Portsmouth, New Hampshire - The Portsmouth, New Hampshire Police Station had to temporarily close a portion of its building over the weekend when contractors working in the lobby discovered that there was asbestos in the floor tiles and the adhesive underneath them.
An article in the online edition of the Portsmouth Herald reported that several workers conducting a lobby renovation project over the weekend discovered the toxic material, prompting them to seal off the lobby, preventing the public as well as all city workers from entering the area.
Details of the situation were reported by Sgt. Kuffer Kaltenborn, a spokesperson for the department. The sergeant confirmed that the lobby had to be sealed off from the remainder of the building for about four hours, and it was also necessary to set up a decontamination station to rid anyone of toxic asbestos fibers which may have gathered on their clothes or body as a result of exposure to the material in and under the floor tiles.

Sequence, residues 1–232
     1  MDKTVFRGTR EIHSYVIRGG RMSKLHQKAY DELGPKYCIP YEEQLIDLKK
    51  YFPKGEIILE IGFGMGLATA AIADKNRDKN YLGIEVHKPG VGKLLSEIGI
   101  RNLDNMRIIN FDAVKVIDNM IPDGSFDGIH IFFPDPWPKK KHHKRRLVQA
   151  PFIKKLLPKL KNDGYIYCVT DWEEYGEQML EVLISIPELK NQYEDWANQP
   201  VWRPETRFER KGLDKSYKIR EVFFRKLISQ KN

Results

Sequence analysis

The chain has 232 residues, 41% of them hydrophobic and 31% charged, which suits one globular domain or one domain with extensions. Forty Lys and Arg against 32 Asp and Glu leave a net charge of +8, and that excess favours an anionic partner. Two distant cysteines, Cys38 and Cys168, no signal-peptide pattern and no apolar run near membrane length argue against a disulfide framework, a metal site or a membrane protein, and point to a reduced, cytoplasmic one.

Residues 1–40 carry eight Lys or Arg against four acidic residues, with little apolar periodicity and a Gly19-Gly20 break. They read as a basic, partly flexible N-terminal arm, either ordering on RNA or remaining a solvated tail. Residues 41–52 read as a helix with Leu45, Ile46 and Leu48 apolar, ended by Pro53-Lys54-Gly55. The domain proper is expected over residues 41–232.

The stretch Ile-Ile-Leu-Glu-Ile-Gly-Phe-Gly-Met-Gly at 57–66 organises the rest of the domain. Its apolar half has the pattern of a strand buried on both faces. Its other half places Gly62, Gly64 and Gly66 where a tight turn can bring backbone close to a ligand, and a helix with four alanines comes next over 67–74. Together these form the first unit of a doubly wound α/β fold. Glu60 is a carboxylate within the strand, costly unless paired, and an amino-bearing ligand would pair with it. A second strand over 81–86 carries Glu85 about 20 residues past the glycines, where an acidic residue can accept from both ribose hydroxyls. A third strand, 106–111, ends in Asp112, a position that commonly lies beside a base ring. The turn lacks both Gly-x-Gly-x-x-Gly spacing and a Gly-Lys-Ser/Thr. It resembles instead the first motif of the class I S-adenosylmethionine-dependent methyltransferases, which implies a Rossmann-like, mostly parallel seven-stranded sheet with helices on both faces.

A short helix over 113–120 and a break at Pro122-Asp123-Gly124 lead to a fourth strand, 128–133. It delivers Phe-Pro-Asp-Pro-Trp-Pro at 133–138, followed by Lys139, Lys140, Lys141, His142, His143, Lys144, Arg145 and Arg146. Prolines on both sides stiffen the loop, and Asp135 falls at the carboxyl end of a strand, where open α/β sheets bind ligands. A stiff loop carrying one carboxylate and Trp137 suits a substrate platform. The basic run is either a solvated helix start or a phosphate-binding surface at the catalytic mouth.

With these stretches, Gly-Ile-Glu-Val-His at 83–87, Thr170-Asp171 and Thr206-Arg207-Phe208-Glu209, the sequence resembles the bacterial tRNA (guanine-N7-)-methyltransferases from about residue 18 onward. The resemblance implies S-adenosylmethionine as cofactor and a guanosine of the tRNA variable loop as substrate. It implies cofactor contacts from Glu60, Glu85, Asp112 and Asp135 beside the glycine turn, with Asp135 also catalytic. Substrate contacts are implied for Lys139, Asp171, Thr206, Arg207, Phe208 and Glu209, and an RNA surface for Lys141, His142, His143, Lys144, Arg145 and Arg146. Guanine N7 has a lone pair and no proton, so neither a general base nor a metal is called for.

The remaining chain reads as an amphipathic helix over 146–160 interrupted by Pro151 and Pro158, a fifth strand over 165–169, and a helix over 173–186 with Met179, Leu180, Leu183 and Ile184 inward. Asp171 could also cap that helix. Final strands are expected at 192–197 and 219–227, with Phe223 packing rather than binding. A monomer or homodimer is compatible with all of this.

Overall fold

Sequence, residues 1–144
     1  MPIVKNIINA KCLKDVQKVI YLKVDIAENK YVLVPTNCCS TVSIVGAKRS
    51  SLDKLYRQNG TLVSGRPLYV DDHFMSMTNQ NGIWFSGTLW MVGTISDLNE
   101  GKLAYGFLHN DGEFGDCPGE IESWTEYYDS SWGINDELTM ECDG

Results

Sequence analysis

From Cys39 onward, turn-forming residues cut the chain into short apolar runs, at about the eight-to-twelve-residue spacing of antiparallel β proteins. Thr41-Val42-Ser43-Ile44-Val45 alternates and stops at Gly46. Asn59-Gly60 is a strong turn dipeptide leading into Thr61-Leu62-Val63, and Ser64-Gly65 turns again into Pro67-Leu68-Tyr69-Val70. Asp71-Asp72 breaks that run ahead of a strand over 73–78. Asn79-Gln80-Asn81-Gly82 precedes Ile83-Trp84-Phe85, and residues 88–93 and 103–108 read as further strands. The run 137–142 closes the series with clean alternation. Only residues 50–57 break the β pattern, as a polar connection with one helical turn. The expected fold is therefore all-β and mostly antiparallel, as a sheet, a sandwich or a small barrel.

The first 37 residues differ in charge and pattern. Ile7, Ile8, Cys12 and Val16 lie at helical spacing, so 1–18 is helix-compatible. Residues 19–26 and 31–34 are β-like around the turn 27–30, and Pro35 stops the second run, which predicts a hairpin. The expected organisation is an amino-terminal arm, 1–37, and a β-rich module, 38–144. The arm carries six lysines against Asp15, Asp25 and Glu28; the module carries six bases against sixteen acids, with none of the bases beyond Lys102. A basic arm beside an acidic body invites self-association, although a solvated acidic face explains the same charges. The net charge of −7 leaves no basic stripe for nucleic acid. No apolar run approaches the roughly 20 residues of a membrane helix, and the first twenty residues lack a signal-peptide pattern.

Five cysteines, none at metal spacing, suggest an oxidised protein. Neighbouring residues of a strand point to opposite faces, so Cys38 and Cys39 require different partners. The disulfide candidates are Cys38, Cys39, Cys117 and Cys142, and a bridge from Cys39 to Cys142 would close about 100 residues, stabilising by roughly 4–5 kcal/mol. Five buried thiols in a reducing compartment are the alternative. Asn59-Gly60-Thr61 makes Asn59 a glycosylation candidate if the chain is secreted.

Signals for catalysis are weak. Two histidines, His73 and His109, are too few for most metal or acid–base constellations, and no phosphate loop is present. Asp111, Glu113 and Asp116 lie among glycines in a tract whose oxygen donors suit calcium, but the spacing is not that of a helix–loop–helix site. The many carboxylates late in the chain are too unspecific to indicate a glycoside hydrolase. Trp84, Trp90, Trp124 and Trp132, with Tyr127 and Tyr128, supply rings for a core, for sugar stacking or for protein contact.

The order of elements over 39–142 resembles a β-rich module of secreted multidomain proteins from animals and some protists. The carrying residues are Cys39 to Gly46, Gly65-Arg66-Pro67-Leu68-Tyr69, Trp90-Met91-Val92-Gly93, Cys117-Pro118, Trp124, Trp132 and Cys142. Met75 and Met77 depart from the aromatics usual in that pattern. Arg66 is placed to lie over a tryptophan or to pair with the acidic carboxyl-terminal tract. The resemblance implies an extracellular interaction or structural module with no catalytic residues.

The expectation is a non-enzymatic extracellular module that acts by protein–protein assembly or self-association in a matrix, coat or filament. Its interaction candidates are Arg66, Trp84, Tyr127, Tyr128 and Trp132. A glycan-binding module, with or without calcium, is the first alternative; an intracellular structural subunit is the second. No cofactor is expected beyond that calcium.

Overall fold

Signs were also posted to notify employees of the presence of the asbestos, said Kaltenborn, who noted that the discovery only slightly hampered the goings on at the police station. This included having to use a secondary entrance to enter and exit the building in order to avoid exposure to the material, which is known to cause asbestosis and cancer.
Portsmouth, New Hampshire Public Works Director Steve Parkinson reported that there’s an abundance of asbestos at the city’s Municipal Complex, which includes not only the police station but also City Hall, school administrative offices, and the headquarters of other nonprofit organizations. The buildings were constructed in 1950 during an era when asbestos was used in the manufacture of a variety of building materials, including t ile adhesive. Many buildings from that time period still contain asbestos, though the material is safe as long as it remains in good condition and is not disturbed, experts point out.